Consider a network of trust, where each user
u specifies some other set of users whom
u "trusts". This forms a graph with users as nodes and declarations of trust as directed edges.
Each user may push encrypted data out to the network along with a maximum "degree of decryption", e.g. if the degree is 2, only direct friends (degree 1) and friends of friends (degree 2) should be able to decrypt the message.
Ideally this restriction could be implemented in the encryption scheme itself. The scheme would have the following properties:
- Ability to encrypt a message
M = c || d
cis the message content and
dis the max degree
- The ability to generate a new key from another private key which can still decipher
M(this corresponds to an edge on the graph of trust)
- A generated key can only decipher
Mif it is less than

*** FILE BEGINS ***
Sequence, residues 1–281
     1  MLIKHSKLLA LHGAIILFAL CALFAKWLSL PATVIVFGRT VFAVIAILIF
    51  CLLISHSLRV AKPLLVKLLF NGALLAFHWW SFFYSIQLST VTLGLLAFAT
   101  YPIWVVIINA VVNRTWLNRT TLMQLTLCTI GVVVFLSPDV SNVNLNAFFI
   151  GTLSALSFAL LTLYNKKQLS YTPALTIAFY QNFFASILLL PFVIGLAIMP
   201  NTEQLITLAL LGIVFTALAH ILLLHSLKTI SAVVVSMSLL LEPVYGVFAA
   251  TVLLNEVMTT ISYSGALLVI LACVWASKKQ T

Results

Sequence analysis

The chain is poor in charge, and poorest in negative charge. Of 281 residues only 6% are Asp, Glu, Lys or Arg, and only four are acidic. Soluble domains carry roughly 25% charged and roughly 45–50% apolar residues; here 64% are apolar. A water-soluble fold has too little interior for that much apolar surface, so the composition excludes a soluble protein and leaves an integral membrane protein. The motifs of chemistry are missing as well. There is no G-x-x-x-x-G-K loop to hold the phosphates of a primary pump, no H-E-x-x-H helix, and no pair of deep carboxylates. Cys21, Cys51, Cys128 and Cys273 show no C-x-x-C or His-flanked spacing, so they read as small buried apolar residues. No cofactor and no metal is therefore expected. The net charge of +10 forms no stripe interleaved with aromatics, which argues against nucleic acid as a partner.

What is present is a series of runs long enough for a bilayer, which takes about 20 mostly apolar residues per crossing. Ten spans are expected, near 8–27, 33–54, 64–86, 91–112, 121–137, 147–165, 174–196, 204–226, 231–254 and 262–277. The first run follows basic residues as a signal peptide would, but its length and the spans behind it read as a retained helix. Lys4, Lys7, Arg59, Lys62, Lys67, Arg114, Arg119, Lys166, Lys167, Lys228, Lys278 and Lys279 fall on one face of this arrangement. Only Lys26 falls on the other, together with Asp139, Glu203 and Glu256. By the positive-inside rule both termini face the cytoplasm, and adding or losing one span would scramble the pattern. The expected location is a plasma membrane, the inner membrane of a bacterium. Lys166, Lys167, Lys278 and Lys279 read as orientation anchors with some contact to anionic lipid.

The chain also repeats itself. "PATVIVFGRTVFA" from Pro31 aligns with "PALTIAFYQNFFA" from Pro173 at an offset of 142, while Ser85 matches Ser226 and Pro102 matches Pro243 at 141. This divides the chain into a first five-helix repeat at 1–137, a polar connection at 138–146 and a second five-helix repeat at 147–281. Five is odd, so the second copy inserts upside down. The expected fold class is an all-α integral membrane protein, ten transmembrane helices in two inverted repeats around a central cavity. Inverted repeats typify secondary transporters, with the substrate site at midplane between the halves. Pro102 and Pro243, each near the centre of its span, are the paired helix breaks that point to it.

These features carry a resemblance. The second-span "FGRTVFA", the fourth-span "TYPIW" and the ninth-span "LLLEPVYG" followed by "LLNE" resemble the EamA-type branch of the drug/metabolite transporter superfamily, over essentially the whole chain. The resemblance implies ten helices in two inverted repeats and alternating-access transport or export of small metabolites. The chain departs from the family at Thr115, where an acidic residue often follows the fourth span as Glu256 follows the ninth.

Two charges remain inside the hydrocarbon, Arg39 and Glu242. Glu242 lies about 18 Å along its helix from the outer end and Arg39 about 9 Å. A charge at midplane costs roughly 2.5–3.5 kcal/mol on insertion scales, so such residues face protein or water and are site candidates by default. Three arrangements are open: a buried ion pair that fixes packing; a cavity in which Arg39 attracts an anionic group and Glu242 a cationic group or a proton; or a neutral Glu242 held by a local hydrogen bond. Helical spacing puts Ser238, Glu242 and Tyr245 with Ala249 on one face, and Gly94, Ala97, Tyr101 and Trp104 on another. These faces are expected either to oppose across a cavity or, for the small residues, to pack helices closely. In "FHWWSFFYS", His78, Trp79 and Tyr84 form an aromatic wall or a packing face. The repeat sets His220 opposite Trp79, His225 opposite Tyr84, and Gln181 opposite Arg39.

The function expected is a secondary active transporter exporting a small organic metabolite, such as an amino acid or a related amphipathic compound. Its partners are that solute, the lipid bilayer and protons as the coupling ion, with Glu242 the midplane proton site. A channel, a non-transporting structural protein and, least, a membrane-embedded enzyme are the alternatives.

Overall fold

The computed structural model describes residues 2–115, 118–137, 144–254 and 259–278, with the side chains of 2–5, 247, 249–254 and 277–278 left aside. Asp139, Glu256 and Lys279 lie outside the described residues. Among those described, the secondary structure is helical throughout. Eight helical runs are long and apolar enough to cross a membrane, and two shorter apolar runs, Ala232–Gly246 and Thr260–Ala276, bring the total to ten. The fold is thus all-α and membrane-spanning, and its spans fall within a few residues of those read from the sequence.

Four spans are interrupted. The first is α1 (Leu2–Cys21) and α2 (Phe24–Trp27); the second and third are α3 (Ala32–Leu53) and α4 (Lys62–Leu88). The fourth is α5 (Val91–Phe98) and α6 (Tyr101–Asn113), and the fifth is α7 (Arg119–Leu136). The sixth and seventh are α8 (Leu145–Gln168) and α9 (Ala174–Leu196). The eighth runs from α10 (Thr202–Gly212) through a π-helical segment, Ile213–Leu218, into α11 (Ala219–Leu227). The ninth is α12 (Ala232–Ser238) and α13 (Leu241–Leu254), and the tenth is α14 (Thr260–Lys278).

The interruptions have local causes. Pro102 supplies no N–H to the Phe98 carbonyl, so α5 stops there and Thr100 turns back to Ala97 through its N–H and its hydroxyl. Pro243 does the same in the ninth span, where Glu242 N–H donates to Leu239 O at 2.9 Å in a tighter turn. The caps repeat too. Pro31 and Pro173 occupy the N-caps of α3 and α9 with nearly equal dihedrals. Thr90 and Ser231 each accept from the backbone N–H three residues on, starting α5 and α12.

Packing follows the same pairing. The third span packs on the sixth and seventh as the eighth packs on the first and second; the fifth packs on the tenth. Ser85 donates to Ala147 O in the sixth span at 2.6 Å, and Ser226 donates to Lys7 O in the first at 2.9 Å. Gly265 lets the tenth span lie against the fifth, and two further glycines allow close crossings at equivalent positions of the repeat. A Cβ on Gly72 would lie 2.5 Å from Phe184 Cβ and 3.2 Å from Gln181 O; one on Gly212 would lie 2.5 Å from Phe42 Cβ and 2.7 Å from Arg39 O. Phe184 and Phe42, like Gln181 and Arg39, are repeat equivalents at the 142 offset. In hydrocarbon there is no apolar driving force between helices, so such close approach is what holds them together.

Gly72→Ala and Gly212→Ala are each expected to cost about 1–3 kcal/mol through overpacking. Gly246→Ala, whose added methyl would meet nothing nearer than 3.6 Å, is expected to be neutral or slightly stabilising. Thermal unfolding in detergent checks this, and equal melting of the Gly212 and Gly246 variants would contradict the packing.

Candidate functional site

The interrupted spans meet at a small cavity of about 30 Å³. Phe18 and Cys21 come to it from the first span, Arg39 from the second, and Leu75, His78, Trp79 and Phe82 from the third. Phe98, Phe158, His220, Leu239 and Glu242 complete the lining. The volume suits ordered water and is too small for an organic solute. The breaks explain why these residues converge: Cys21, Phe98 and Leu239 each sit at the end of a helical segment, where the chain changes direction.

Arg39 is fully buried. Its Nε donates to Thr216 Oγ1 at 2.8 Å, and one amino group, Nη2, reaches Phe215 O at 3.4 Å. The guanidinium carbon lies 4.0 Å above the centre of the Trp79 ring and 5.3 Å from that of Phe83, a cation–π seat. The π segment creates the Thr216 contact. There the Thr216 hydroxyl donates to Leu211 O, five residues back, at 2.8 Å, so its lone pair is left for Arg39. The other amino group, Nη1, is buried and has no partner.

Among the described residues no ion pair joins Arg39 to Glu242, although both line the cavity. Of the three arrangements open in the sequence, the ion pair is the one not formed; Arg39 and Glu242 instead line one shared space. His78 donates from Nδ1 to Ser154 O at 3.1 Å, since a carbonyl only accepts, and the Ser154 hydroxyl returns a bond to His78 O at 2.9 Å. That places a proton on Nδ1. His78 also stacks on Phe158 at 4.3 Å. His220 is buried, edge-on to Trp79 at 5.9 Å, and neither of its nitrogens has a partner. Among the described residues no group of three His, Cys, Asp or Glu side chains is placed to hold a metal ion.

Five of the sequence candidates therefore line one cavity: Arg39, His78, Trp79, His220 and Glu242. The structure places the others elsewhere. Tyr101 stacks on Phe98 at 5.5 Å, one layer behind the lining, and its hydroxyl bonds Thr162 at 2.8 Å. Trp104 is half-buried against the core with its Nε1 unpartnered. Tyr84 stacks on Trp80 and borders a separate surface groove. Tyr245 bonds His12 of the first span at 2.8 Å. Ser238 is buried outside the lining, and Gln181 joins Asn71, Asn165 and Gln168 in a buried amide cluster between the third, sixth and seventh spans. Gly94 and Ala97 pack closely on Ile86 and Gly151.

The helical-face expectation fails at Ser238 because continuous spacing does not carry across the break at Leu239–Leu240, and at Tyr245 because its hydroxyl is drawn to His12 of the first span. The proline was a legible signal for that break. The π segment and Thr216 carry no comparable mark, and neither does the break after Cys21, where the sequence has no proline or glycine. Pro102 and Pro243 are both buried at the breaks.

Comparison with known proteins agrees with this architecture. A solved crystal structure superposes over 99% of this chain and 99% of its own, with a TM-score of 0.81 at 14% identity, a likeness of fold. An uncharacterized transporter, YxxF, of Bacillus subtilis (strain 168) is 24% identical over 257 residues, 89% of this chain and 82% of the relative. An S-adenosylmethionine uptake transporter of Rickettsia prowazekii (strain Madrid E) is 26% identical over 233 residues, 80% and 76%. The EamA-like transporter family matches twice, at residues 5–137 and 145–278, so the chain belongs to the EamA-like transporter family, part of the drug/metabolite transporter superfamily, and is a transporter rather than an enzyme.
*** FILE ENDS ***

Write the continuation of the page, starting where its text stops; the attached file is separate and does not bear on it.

dlevels of derivation away from the original key used to create
- No key can be easily derived from a generated key
To spell it out more plainly, when user A trusts user B, A derives a new key from her private key and shares it with B, so B can now decrypt her messages of
d >= 1. B does the same and generates a new key from A's shared key, which B shares with C. Now C can read messages from A of degree
d >= 2. And so on. (Actually, when B decides he trusts C, he would pass on to C generated keys for every person B trusts.)
I'm wondering if anything like this exists, or if anyone can point me in that direction, or can provide intuitions as to whether this is even feasible. I am new to cryptography and can't even tell whether this is likely to be already done, doable, or impossible.